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Kenyan Kiswahili, English Teachers Needed in Rwanda, Burundi And CAR.

MKU VC Prof. Stanley Waudo receiving the EAC Treaty of Establishment from Yves Nsabimana of Burundi.

Rwanda, Burundi and the Central African Republic (CAR) have announced plans to start importing Kiswahili and English teachers from Kenya due to an acute shortage. As a result, institutions of higher learning in the country have been challenged to take advantage by producing enough graduates to fill the gap.

This call was made by Burundi’s East African Legislative Assembly (EALA) member, Yves Nsabimana when he was speaking at Mount Kenya University (MKU) main campus in Thika where during a public lecture on East African Community integration.

“We want graduates from universities to teach Kiswahili and English in Rwanda and Burundi who have an acute shortage of teachers in these subjects. In turn, we will teach Kenyans to speak French, which is the common language in central Africa. We believe that this will promote rapid and solid regional cooperation between the EAC member countries, thus help in fostering regional integration,” said Nsabimana.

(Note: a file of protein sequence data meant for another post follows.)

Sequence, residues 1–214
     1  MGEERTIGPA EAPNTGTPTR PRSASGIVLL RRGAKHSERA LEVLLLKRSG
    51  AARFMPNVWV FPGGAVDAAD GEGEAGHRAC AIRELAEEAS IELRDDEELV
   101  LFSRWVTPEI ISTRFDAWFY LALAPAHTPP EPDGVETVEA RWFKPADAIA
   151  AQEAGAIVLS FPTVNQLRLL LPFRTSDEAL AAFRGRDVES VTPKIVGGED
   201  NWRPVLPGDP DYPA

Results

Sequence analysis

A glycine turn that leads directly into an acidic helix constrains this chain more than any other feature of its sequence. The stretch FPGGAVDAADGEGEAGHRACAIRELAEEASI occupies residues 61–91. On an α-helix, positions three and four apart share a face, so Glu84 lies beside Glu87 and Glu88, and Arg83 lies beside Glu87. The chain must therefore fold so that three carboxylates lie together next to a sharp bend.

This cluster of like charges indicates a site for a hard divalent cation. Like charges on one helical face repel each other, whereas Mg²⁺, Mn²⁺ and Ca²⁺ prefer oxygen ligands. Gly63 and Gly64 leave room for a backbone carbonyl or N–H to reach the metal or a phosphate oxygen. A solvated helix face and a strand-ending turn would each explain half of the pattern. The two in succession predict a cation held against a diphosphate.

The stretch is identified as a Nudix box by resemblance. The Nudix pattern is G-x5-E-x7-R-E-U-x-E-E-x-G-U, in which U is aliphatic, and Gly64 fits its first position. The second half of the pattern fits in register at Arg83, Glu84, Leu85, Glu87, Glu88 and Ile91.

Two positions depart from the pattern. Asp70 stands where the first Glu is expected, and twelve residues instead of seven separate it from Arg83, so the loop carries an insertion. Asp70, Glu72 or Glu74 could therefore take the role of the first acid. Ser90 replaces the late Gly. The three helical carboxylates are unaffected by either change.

He urged the guests, who were mostly teachers on school-based programmes, to take the EALA awareness campaign on regional integration back to their school and communities.

Mumbi Ng’aru (EALA Member, Kenya), appealed to MKU students to market themselves in the region, noting that the region had a market of 172 million people.

Another member, Joseph Kiangoi said that the EALA had already passed many legislations geared towards fast-tracking the EAC, where South Sudan is now the sixth member.

“Somalia, Ethiopia and Eritrea might also join EAC,” he said.

MKU has campuses and centres in four countries that make up the EAC Partner states—Kenya, Uganda, Rwanda and Burundi and attracts students from CAR and beyond. It also partners with Gulu University, Kyambogo University and Makerere School of Business in Uganda.

Meanwhile, e-learning is gaining popularlity globally due to its convenience and relative ease of funding. Most adult students are opting for this option as it also saves on time and allows one to focus on work or family.

More than 25%of students around the world are already studying online.
Doba Business School Director of International Relations, Polona Baloh advises Kenyans to seek suitable online facility that has international range accreditation, length of course and overall quality of content.

“At Doba, it is much more than listening to the recordings of professors’ lectures. Students study in a virtual learning environment with the help of forums, chat rooms, wikis, social networks and other Internet tools which enable them to be always connected with their study peers,” she says.

Established in 2003, Doba Business School is a fully accredited European college run by the Slovenian Government.

“From your first day on, through the whole process of graduation and beyond, you have access to an extensive support team consisting of tutors, who are available 24/7, professors, the school’s staff and technical support,’’ she says.

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